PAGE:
Life as an artist is an observant one. I often see things differently than most but I also sometimes let my busy everyday life get in the way. I attended a quilt guild meeting last night. We had a guest speaker who spoke about color and how it can be used.
It was a wonderful talk. One filled with info and encouragement for those that believe they know nothing about using color and the basic ideas of color theory.
I was taught a lot of what was discussed first by my artist mother then formally in art classes and at college. Yet even then I knew that if I could just observe what was around me from nature I would never go wrong.
When thinking of greens in particular to be used in an art work there really is no green that does not go with each other. This was brought up in our lecture with the explanation that we live mostly in a green world around us everyday. I totally agree with this statement. It works especially well when the greens are analogous, meaning that they range in at least three hues on the color wheel.
Okay enough words here is a visual that I want to point to that explains this better. Below is a Van Gogh picture titled Green Wheatfield with Cypress.
First you see lots of greens, dang it fills two thirds of this painting. Yet it is not a flat opaque color of green. Looking at the foreground you see dark greens but there is stroke of blue to indicate it is in shadow, yellows and even a bit of orange other than the greens you can see.
The middle of the painting repeats these same colors without the blue. There are more orange and yellow greens. A new element is white added on top of the greens to indicate coolness. A middle ground can often be the focus of a picture. However here it is cooler, a way to show depth from the foreground to the background.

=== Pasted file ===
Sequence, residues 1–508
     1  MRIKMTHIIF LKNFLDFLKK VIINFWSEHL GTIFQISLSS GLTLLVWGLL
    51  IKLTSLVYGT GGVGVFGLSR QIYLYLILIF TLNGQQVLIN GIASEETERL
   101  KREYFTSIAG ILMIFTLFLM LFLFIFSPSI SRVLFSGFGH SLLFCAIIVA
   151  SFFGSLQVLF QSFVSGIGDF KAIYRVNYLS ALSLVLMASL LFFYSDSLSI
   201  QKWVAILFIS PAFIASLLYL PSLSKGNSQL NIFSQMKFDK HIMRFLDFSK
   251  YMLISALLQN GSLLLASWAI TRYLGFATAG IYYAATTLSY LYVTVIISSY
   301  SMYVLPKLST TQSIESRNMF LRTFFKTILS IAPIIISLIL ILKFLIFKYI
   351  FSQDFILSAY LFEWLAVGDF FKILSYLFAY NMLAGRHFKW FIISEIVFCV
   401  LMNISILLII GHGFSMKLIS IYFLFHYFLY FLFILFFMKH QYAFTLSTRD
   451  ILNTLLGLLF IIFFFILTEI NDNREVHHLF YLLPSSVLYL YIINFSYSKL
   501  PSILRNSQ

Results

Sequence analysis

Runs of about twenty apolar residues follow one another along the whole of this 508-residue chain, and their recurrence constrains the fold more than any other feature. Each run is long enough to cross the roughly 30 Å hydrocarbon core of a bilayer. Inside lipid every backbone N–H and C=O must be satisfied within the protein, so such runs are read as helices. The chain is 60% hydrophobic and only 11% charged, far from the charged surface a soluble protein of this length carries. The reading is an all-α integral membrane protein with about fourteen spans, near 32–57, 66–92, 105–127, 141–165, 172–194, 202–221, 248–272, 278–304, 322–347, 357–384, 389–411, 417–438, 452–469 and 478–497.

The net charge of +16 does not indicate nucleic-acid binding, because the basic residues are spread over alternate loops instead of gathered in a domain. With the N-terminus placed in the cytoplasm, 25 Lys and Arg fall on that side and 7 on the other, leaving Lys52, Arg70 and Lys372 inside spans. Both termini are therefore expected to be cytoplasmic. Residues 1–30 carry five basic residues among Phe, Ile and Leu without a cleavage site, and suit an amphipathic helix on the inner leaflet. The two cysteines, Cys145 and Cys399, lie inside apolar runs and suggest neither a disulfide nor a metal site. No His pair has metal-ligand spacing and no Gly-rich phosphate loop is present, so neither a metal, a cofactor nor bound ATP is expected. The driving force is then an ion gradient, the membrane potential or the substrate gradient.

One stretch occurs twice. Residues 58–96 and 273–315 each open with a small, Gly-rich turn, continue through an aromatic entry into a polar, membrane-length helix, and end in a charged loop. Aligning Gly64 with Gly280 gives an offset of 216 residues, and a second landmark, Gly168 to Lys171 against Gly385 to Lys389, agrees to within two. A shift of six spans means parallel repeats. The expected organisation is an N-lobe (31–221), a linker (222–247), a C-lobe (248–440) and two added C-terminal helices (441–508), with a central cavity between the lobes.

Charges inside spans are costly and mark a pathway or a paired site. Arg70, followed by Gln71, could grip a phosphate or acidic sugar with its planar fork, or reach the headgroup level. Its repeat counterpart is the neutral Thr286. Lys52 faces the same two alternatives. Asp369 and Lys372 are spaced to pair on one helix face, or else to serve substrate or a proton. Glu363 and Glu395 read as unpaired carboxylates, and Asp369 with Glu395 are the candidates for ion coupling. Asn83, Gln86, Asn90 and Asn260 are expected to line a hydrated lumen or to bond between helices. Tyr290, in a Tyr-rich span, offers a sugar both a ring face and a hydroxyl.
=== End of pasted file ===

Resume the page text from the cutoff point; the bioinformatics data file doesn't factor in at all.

This is the way we see depth in nature too, when the light is not in high constrast. Van Gough also uses the texture of his pallet knife for this visual illusion. That is a different subject for another post.
Moving to the background you see yet another repeat of these greens. There are blue-black greens that mimic the dark greens in the foreground. Do you now see the yellows both on the rooftops and in the clouds? The blue of the sky is a clean bright blue but it is also in the greens. This is what makes the green color in this picture so interesting. They are clean, in the same hue as each other. This is what makes the painting so compelling.
How does this apply to quilts let alone art quilts? It is all the same, color rules no matter what you use to express your creative spirit. If you want clean and clear colors use analogues colors. I have discussed greens but they could be purple, reds or even blues.
I often start an art work thinking of the lighting and the mood I want to express in that work. I have found using low light greens with a bit of contrasting purple can evoke a sense of the serene. Think of moss green, olive green, light tans and browns and it is so serene. This was my intent with this work I call Serenity.
As you can see the background of this work is mostly muted olive green, yellow and purple. Yet the colors are all in the same tone with each other. None of the colors are brighter than the next. This evokes a quite and serene mood, one of calmness. There is rhythm with the repeating lines of the poplar trees. To show that there is space between one set of trees from the other I used the same muted purple and some rosy pink in the background tree trunks. The leaves are a muted blue green in different shades. I also have repeated the purple from the foreground in the small lavender colored trees in the background. Finally I used cream for the foreground tree trunks and a light olive and yellow green for the leaves. Color is important for each and every piece of art work. It evokes depth, feeling and mood. Next time you are looking at a piece of art or even a quilt perhaps you can see how the colors are being used to evoke depth, feeling or mood.